New Rip Currents and Astronomy Resources Sunday, 03 September 2006
We added a new section on Astronomy and Heavens . You can find them under the camping skills. Included is a complete section of star charts for the Northern Hemisphere. We are working to find something for the Southern Hemisphere. If you have any leads, please contact us. We also added more information on the dangers of Rip Currents and how to escape them. I never realized but Rip Currents account for 80% of rescues at beaches and over 100 people drown each year from them as apposed to only 18 from hurricanes in the US. See the stats here.
Who was out paddling this weekend? Sunday, 03 September 2006
Well, we watched the weather bouy for Lake Ontario and this past weekend caught the tail end of Hurricane Ernesto moving into Southern Ontario. Liz Burnside, Eric Oggard and I decided to take advantage of the wind and get out and some surfing. The wave height was a consistent 5 feet with larger waves at 7 feet. No, it wasnâ€™t one of those "the fish was this big" type wave height measurements. We have been practicing Nick Schadeâ€™s article here on how to accurately determine wave height . It was big water and we got trashed several times. Quite fun. One time I was going to roll up but thought, "I will just wait until the shaking stops before attempting." We posted a bunch of photos on our photo gallery here.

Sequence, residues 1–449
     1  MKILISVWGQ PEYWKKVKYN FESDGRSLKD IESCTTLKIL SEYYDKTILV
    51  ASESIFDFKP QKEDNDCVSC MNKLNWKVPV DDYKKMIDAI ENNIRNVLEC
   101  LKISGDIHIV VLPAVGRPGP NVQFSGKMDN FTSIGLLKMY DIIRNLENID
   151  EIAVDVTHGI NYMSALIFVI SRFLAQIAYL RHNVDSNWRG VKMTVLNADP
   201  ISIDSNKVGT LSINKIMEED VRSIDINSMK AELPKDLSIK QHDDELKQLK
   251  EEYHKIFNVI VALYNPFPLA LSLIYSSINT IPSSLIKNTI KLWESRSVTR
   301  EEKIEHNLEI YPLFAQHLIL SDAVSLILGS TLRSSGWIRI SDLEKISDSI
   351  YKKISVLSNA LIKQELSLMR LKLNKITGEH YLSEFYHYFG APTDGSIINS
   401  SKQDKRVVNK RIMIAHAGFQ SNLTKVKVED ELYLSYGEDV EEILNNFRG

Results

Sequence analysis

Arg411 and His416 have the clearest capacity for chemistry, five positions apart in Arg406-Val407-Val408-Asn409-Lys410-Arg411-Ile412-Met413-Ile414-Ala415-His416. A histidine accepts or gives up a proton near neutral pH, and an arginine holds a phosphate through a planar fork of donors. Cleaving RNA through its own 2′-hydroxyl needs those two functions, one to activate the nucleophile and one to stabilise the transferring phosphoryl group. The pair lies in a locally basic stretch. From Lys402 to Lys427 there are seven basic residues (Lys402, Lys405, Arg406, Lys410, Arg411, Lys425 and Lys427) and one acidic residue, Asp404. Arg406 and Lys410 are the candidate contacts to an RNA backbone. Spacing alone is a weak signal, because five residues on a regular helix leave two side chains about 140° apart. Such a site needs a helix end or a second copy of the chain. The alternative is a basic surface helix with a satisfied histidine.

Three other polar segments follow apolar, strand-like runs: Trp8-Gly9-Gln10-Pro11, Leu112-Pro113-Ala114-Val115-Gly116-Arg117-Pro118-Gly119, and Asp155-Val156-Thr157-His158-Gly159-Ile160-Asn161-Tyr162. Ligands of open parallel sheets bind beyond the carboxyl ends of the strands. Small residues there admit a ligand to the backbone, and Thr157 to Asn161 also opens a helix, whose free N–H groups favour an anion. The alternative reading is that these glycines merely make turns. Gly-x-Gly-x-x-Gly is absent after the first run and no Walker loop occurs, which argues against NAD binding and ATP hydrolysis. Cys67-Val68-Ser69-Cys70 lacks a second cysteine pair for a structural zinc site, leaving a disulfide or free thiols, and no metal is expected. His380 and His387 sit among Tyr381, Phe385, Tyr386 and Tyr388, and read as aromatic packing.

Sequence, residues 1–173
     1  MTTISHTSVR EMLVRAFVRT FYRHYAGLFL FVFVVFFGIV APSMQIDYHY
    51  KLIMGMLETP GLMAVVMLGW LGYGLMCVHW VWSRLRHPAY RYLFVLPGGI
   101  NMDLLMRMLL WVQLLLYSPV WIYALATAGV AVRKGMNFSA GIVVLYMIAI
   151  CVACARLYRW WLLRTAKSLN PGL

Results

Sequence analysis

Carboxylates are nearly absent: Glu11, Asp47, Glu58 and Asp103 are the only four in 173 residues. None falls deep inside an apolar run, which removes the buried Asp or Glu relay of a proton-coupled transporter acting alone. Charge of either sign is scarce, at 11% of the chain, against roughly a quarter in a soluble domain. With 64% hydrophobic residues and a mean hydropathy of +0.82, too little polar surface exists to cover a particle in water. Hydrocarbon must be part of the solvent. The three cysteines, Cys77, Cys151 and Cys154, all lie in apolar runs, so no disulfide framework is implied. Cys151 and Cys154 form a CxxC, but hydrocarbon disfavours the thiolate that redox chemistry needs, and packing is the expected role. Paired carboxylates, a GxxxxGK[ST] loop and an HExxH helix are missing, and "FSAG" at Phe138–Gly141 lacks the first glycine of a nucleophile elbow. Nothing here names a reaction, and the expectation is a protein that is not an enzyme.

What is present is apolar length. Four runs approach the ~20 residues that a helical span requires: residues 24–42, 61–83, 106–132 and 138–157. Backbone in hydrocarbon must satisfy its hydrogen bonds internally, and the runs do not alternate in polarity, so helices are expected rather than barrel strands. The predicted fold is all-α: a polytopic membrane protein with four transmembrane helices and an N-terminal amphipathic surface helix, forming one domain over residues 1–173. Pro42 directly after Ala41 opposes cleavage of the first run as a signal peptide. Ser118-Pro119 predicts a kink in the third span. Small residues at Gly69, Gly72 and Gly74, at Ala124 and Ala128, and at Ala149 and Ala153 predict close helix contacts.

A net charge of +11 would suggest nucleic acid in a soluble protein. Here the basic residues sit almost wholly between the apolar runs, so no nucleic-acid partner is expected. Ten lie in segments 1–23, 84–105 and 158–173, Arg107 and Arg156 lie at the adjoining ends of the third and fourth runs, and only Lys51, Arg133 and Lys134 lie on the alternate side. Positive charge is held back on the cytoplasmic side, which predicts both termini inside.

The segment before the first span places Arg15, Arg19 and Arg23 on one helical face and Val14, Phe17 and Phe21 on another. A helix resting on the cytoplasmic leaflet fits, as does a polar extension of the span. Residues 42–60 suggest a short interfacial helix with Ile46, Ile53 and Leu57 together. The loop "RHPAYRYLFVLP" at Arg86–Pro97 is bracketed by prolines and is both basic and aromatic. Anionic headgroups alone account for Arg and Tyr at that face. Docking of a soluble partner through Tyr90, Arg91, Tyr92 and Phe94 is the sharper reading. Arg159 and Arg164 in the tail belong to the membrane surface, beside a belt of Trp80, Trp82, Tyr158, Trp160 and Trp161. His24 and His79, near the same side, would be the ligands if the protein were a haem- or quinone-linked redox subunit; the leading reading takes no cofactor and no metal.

What The Big Dipper Can Tell You Saturday, 02 September 2006
by: Kathy A. Miles and Charles F. Peters II Most people can point out the asterism known as the Big Dipper. No, the dipper is not a true constellation, rather it is an asterism, a familiar group of stars located within a constellation. The Big Dip is actually part of the constellation Ursa Major, the Great Bear. It is a group of stars that at our latitude, and anywhere north of here, is visible all night, every night of the year. That makes it handy for things like telling time, and with some practice, you can gauge time to within 30 minutes by observing the Dipper.
If the Earth Were a Grape, How Far Would the Stars Be? Friday, 01 September 2006
The scale of the universe is so immense that it is difficult to imagine the relative distances between celestial objects. The Sun, the Moon, the planets, the stars, and the galaxies - they all seem like distant objects in the sky. It is easy to just think of them all as being very far away, without giving much thought to the great differences in their distances from Earth. In order to grasp the diversity in true distances in the universe it helps to mentally scale things down - to compare with objects and distances we can understand. How far away would these objects be if the Earth, which is actually about 8,000 miles in diameter, were the size of a grape, or about one half inch in diameter.
Adaptive Paddling Tips for Persons with Disabilities & Injuries Sunday, 13 August 2006
Every one of us should be adaptive paddlers. Outfit your boat to fit your body. Learn to paddle with good form and technique! Proper posture while kayaking will solve and prevent many physical discomforts. Marna Powell from Kayak Zak's gives some really practical tips for adapting boats and gear for different types of people. A must read for all instructors.